Nandri farm is making money is an Irish charity also called a not for profit organisation. All of the funds we raise are distributed through an Indian registered trust near Vellore in Tamil Nadu. We mainly work with Dalit and Dhobi communities. Although the local motto is “need not creed”.

Our objective is the education of children and the improvement of the living standards of our client mothers.   We use micro-finance for income generation projects and various other programmes including child sponsorship, mothers’ self-help groups, training and health.

In December 2013 we seized an opportunity to rent 10 acres of land. This land had reasonable water supply, but had not been utilised to its full due to lack of capital. We reckoned that with a small amount of investment in infrastructure and stock, this could turn into a profitable farm. We were right. We are well on the way to covering the operating costs of our partner in India, ensuring that more of our money is use on our projects.


Our Farm
Our Farm

Almost a year later, we have built the infrastructure, including a building for cows who, unlike Irish cows don’t like the rain. It doesn’t rain very much, but when it rains, it comes down very heavy. We have a number of units to house chicks which will later become free range organic chickens for the tables of Chennai. We have 3 acres in rice paddy and the rest in groundnuts or peanuts and feed for our cattle.

Our 21 cows are now producing regular income from the sale of milk. All our feed is organic so we ultimately hope to get a premium price and milk prices are increasing anyway in India. We will sell our male calves normally at six months to a year old. Very little beef is consumed in India as cows are regarded as sacred. Our female calves will become mothers so we can increase our herd and our income.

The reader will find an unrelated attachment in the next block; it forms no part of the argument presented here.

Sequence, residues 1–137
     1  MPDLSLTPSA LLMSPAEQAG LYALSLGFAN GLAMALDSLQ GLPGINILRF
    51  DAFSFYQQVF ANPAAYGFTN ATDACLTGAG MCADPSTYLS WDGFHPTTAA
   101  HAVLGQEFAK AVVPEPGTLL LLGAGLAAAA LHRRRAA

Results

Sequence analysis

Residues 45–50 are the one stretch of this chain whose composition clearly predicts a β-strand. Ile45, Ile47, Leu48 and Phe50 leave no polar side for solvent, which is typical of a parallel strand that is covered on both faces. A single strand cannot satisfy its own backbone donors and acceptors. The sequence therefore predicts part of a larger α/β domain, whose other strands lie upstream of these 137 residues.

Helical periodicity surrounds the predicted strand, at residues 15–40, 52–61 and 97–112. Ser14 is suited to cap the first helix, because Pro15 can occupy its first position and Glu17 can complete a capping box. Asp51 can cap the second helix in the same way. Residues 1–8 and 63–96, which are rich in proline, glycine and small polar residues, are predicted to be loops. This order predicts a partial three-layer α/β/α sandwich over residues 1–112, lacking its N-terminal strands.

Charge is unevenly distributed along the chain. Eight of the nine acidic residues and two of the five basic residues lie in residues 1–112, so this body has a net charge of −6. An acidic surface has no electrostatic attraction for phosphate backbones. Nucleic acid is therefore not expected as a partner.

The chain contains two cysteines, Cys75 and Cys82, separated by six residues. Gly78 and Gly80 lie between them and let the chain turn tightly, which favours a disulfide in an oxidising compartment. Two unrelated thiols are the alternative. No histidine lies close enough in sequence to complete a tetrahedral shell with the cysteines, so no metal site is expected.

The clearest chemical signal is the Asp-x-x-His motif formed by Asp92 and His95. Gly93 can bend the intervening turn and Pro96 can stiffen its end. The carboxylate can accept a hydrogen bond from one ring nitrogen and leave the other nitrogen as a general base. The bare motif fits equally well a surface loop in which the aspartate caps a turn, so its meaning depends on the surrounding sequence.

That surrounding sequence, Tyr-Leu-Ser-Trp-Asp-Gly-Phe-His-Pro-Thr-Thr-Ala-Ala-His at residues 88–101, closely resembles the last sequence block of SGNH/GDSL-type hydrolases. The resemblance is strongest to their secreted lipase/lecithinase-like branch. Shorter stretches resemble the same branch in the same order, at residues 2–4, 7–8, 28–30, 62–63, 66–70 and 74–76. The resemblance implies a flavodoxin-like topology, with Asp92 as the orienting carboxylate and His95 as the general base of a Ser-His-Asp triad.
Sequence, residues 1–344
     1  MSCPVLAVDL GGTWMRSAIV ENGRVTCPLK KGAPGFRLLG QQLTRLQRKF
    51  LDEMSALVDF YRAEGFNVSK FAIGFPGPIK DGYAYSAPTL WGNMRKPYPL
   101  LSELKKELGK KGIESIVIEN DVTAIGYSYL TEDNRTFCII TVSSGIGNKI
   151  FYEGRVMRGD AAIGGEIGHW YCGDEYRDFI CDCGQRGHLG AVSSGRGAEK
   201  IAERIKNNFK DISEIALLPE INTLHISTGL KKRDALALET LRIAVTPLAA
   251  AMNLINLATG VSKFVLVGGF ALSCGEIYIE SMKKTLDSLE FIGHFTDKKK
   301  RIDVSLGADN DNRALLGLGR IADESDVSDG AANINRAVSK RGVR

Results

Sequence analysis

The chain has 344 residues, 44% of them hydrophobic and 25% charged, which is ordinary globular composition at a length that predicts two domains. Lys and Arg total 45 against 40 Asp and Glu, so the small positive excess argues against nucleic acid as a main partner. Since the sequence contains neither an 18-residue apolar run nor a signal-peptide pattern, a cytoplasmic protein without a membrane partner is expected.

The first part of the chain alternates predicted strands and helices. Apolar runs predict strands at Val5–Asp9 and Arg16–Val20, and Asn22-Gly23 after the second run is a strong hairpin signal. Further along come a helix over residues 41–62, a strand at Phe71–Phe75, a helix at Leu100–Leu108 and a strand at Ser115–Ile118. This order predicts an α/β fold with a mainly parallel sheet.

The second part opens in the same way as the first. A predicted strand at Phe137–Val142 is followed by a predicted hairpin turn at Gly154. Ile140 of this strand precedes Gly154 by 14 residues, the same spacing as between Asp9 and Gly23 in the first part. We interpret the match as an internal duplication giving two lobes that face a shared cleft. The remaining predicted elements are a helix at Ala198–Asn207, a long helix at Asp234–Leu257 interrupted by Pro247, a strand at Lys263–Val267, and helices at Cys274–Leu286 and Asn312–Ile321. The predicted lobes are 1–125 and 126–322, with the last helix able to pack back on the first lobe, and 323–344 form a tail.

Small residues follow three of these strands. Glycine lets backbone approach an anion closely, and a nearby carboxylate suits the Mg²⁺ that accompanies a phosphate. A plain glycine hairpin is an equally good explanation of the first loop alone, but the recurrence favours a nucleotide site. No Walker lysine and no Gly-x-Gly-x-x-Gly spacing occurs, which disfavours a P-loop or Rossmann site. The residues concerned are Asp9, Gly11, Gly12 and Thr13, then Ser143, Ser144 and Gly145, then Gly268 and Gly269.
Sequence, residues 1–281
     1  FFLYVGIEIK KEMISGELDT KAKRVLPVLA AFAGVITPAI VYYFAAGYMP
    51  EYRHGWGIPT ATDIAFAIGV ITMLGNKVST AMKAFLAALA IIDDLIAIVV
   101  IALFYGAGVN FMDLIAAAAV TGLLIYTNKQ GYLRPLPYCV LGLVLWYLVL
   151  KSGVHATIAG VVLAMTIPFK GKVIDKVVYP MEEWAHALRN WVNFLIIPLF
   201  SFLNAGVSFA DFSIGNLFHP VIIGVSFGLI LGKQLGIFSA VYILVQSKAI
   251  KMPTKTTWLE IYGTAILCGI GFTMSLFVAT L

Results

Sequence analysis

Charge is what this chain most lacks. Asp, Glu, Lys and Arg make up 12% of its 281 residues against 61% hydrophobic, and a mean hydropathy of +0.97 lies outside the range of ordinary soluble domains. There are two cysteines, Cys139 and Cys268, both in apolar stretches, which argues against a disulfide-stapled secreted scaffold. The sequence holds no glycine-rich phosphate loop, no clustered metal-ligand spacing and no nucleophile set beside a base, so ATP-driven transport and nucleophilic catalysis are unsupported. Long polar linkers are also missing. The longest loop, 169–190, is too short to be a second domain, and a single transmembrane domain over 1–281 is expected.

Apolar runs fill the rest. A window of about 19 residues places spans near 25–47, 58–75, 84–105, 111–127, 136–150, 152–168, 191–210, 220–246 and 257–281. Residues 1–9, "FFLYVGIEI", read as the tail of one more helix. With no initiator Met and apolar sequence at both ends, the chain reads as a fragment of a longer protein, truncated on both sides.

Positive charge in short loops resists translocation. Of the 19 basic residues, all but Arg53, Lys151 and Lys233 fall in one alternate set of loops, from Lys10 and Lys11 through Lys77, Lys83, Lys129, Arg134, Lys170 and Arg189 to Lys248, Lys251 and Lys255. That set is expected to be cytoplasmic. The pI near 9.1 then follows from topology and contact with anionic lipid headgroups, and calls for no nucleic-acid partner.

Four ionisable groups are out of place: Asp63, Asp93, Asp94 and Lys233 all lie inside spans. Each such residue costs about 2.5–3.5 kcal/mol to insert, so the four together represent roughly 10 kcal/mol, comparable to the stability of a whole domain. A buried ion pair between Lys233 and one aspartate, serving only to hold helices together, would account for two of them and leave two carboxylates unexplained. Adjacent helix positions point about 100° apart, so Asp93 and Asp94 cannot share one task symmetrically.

2014-10-05 11.16.30We built some units to house three day-old chicks which need to be kept in a constant temperature. Electricity is not a guarantee in India, so we have invested in solar panels to ensure a constant temperature. The solar panels are also used to provide electricity for lighting and for water pumps. Once the chicks are three weeks to a month old they are then allowed to run round in a fenced area, but free to eat the plants and insects. We have entered into a partnership with the company in Chennai to market our organic free range chickens or country chickens as they are called in India.



We intend to set up a number of our 1500 mothers with small chicken units. We will provide them with feed, housing, fencing and 100 three week old chicks which we will then buy back at four months old. This will provide these mothers with an income. We intend to operate the same system with a number of local orphanages, which will also provide them with an income.

We also created a large fish pond and stocked it with 2000 fish. We have 250 ducks and through the miracles of nature the residue from the ducks is eaten by the fish who in turn produce residue which ends up as food for the ducks. I am an accountant, so I don’t really understand these things, but it works and we have income from duck eggs and soon fish, without much costs.

We currently have about 3000 chicks and once we have mastered the production of organic free range chicken we will increase our numbers. Shortly we will be running training programs for our mothers in how best to look after their cows and chickens. We are in the process of acquiring land close to the Nandri farm where we hope to build a rural development centre. This will have training rooms, sufficient space for a constant stream of visiting mothers. Accommodation for volunteers and of course, office accommodation for our staff.

Overall, this is turning out to be a successful programme. We are making a profit for us and others.  We are providing products for our client mothers to sell. We are also providing training.  We will be pleased when the profit we make will cover the operating costs so that we can focus on diverting all of our money to our programmes.